Trash-age polythene body on a spike animated by crosswinds, surface a convex topography with depressions switching as the wind switches with sounds of polythene, inflating as the wind inflates it through the hole, through the ‘o’ of its opening by the knot, the handles knotted, that inflates it while its volume is buffeted, collapsing. Organ of the trash-age, organ of the periphery caught by the spike, animated by the crosswind.

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2. Course weave of cloth fragment, ragged end, plaid design of threads in colours turned grey, red-grey, black-grey, white-turned-grey, a yellow thread, cotton weave rasps something like static if it’s dry, rasps against the skin, but the weave will soak up water, soak if it can, be cold too, ragged ends matting. Wrap it round the thumb, cloth fragment with bone to support it now muscle to move it.

Taken from the old house where a family lived,

Then into the mouth with the whole. Make the cheek show content hidden, thumb then cold cloth then cheek, place between teeth and cheek-flesh, thick coldness of cloth from curtain fabric.

Between cheek and teeth, packed tight, water expelled cold then withdraw the thumb, tighten the muscles of the cheek and cloth takes on a cavity shape pressed, cooling the cheek and the gums but being warmed before long coming to a body’s temperature, forgotten there when it’s warm as long as the mouth is clenched no talking. Smile but to oneself. Bitterness in the body’s nerves, bitterness in the clench, not from the cloth but from the smile that grips the cloth the warmed cloth in the cavity between teeth and cheek-flesh.

Bag in a bag. Instrument in a bag. Bag-instrument, crumpled to be contained, with string wound now gently pulled out a fibrous spring, unwound to find the string tied to the bag, tied to its two handles but not to close it, the string wound but not to close it, no knotted handles, knotted string but knotted more by careless unwinding, unknotted now to find its use, the instrument in a bag, the bag-instrument held at full stretch of the arms then lay it out, held flat to the grass and unknotted the string,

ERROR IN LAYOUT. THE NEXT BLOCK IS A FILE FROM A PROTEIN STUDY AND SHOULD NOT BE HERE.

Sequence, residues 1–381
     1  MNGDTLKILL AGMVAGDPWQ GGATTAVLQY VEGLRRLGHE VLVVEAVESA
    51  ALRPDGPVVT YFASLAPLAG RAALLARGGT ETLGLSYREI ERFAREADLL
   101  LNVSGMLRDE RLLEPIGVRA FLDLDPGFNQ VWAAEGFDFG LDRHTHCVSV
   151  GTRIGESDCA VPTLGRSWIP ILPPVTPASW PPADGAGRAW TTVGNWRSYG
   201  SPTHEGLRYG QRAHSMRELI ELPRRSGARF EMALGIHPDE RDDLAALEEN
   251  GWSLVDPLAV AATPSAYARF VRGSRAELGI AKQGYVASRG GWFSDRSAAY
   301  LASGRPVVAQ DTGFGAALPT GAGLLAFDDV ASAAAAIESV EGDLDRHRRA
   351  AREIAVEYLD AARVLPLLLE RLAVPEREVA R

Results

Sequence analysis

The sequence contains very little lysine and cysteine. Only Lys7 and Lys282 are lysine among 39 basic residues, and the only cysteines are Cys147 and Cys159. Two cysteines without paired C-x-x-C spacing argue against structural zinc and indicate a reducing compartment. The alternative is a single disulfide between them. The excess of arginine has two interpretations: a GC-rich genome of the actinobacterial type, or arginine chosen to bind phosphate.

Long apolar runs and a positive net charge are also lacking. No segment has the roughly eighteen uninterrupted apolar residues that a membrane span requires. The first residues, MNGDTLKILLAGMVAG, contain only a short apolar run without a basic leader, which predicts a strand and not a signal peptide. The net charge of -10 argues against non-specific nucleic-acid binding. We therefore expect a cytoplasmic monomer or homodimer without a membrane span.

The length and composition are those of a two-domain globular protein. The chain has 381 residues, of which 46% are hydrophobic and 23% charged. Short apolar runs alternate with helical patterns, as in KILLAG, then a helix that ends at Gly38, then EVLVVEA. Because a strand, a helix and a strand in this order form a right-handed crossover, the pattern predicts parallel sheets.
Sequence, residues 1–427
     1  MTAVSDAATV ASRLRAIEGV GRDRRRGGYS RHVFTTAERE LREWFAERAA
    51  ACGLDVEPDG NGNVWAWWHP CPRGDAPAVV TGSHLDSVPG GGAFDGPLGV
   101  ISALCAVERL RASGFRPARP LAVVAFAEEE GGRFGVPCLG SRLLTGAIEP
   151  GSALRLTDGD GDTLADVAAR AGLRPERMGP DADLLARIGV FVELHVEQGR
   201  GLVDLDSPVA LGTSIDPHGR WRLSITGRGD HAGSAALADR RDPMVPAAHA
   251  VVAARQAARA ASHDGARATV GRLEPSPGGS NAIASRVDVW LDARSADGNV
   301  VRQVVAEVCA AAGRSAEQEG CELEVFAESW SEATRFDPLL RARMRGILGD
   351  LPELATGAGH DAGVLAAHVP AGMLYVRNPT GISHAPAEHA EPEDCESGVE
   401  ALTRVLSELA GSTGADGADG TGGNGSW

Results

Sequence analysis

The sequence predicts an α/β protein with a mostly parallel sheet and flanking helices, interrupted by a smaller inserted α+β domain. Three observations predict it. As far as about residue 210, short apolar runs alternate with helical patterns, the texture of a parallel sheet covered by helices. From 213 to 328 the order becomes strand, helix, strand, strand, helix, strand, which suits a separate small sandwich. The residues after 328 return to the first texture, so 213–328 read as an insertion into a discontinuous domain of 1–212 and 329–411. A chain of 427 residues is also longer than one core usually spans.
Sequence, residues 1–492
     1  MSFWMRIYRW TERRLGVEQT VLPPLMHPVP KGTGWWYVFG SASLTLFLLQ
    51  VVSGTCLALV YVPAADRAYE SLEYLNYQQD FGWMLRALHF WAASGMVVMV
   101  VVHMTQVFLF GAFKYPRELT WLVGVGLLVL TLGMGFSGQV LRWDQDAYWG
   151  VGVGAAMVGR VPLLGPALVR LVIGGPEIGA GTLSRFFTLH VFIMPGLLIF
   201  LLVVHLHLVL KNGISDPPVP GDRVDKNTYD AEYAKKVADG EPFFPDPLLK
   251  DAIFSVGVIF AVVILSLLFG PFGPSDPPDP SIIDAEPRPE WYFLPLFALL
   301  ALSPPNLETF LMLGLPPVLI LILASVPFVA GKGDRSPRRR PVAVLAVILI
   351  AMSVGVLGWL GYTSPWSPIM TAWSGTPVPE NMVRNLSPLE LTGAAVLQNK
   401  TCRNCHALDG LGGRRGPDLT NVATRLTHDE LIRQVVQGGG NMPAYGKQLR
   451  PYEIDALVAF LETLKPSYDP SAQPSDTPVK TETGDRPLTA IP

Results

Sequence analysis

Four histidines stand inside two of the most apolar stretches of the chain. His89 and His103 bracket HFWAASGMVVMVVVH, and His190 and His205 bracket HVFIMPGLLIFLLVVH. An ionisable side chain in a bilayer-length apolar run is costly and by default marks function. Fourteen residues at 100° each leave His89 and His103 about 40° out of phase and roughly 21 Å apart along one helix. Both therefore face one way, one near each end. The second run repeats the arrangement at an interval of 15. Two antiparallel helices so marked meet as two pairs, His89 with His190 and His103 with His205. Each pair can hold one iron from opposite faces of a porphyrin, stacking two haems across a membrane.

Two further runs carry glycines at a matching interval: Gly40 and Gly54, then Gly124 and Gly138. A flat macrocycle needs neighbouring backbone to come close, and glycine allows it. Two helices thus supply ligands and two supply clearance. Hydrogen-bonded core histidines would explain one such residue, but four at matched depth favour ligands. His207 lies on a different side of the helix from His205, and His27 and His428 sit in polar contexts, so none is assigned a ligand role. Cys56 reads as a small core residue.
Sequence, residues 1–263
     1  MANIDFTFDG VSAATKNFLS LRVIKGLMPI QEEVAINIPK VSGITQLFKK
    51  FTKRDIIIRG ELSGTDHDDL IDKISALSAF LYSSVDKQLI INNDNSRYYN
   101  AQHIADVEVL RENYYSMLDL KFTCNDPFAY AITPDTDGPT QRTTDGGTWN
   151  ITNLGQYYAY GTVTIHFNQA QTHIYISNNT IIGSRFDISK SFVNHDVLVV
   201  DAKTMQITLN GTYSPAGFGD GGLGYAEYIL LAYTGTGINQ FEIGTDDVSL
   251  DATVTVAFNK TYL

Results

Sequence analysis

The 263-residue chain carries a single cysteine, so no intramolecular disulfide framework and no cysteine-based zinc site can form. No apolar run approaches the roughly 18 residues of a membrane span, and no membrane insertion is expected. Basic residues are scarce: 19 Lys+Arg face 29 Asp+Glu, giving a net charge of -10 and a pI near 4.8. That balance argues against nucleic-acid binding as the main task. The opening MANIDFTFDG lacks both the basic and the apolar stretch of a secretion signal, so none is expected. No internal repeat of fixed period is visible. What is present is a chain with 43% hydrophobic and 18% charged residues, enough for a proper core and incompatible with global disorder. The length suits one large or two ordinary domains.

torn from the curtain with a pressure of thumbs, one thumb holding the fabric in a grip, the other drawing the cloth-corner away, two hands unless the curtain be drawn from its hooks (so old is the fabric) distressed in the house’s still air over decades, hanging differently in that time, greying, the fibres hanging differently, smiling gaps coming in the weave, no one here that its corner should come away so easily, some threads drawing the cloth into bunches, straighten what’s left of the cloth hanging, but not to tear it more, taking only the corner that’s needed a corner of cloth for the mouth, run under the cold tap if the tap works (coughing of air in the pipes) the soaked plaid of the curtain cloth, fibres coloured differently shielded from the light, light in through windows, in through webs, plaid bleached by a grey light over decades, a yellow light through webs, the fibres bleached where the grey light has come, darker where hidden, on the cloth’s underside its inside, stronger here too the cloth, other days not forgotten when children rough-handled the curtains, and the family, and the cloth was thicker by half, heavier by half, its brighter threads in the fashion of that decade, hung on hooks lined in a conscientious way, a curtain to fit a window, to hang past the life of that decade’s fashion. Into the mouth now.